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Consider the $[4,2]$ ternary Hamming code with check matrix $ \left( \begin{array}{ccc}

1 & 1 & 2 &0\\

0 & 1 & 1 & 1\end{array} \right). $ Clearly, the code has $4$-tuple minimum-weight error vectors $\{\vec e_{m1}=\vec0,…,\vec e_{m9} \}$ corresponding to all the syndromes $\{\vec s_1=\vec0,…,\vec s_9 \}$. My textbook says to list $\vec0$ and all the eight 4-tuples whose weight is $1$, since *nonzero 4-tupple error vectors have minimum weight 1*. Sounds reasonable, except that I don’t understand why the italized statement is so nor why each coset has at least one such vector.

More importantly, in general, given a linear code, **is there an algorithm to determine the minimum-weight error vectors corresponding to the syndromes**, without having to first list out all the possible cosets?

(I understand that multiple such vectors may correspond to a syndrome, and also realise that different coset leaders may have different weights.)

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I am not aware of a general efficient algorithm for doing this. Again a few remarks listing some obvious things and then trying to explain why this is difficult in general.

First the easy parts. If the minimum distance of the code is $d$, then any vector of weight $\le(d-1)/2$ is the leader of its coset. This follows immediately from the triangle inequality (applied to the Hamming metric). If the weight of a vector $x$ is $w>(d-1)/2$, then $x$ may or may not be a coset leader. If $w>d/2$, then we can always find some vectors of weight $w$ that are not coset leaders. If $w=d/2$, then $x$ is a coset leader, but there may be other vectors of weight $w$ in the same coset, and it is not at all clear which of those should be included in the syndrome dictionary!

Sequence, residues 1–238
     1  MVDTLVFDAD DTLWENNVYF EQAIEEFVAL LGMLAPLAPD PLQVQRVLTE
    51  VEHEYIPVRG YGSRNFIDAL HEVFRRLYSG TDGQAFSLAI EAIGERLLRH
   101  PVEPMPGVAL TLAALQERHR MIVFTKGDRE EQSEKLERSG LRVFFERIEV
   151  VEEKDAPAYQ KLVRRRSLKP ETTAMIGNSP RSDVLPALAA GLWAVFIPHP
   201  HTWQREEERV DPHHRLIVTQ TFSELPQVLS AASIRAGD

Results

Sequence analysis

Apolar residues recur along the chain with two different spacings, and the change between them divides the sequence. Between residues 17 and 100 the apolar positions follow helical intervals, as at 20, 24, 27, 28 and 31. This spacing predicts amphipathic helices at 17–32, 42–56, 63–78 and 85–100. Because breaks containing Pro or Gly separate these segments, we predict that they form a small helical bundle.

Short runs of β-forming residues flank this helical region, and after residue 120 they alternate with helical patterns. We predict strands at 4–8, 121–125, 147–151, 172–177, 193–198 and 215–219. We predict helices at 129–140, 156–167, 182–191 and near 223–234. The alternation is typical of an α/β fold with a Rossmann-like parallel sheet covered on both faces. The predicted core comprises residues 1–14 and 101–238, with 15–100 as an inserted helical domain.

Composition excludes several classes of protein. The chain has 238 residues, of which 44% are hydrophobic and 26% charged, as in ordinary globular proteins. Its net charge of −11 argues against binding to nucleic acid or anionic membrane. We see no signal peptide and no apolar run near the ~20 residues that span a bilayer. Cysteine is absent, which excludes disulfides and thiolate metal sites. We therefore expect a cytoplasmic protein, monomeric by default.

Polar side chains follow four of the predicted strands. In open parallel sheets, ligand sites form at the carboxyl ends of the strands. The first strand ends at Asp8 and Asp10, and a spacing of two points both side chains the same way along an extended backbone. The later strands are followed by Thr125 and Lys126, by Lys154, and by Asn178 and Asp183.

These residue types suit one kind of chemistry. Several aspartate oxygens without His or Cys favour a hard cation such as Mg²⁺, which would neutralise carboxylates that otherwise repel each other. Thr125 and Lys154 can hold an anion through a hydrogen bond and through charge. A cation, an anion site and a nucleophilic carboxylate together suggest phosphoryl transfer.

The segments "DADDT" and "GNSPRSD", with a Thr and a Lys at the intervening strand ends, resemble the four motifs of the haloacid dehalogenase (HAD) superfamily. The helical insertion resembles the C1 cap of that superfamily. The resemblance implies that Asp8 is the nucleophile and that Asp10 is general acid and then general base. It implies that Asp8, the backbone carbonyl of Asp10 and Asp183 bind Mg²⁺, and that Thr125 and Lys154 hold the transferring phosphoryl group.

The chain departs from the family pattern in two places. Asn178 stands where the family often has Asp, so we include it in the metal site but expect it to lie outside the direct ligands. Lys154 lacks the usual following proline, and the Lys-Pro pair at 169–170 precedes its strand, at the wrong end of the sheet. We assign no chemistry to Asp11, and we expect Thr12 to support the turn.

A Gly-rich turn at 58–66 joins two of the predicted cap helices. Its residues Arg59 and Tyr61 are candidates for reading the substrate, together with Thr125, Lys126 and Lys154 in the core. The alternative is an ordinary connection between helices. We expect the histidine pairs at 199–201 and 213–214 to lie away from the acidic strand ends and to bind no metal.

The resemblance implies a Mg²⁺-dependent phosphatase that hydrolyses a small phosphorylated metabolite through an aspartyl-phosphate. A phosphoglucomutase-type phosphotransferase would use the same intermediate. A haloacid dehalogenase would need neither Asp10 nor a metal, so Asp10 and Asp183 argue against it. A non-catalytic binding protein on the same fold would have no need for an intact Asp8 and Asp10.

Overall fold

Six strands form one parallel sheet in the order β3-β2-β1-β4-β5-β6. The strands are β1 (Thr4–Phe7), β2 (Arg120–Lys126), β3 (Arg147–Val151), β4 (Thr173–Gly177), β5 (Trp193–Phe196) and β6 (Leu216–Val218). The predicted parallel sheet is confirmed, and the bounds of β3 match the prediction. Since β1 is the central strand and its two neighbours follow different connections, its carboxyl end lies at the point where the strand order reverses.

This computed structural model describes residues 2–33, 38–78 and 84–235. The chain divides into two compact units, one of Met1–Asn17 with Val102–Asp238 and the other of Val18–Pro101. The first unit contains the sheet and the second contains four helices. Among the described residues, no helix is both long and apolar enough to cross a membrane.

Then the difficult part. In general we do not know the maximum weight of a coset leader! This maximum has another name. It is better known as the *covering radius* of the code. The covering radius is known only for relatively few of the well studied linear codes, such as the Hamming code. If the covering radius of a code $C$ is $\rho$, this means that any vector is within Hamming distance $\le\rho$ from a codeword of $C$. For example the covering radii of BCH-codes are known in a few specific cases, and in the asymptotic case (keep the designed distance but let the length grow). These were studied in highly non-trivial research papers, so I won’t get into details here.

However, we can easily settle the truth of the italicized statement in your question! While doing that we actually prove that the covering radius of this code is $1$, but you don’t need to necessarily worry about that.

You correctly observed that the syndrome of this code has nine possible values.

Furthermore, we know that the minimum distance of this code is $d=3$. In my answer to an earlier version of this question I explained, why there are nine vectors of weight $\le1$ in

the Hamming space $\mathbb{F}_3^4$. Because their weights are all $\le(d-1)/2$, they belong to distinct coset of the code (see the “easy part”). Therefore they cover all the nine cosets between them. A miracle occurred!

There is another way of seeing this. The syndrome of the zero vector is obviously zero. But the syndrome of the vector with three zeros and a single one is the corresponding column of the check matrix. Similarly the syndrome of the vector with three zeros and a single two is the corresponding column multiplied by $2=-1$. Now, you should check that if you list all the four columns of your check matrix together with the versions multiplied by $2$ (or $-1$), your list contains all the eight non-zero vectors with two ternary components.

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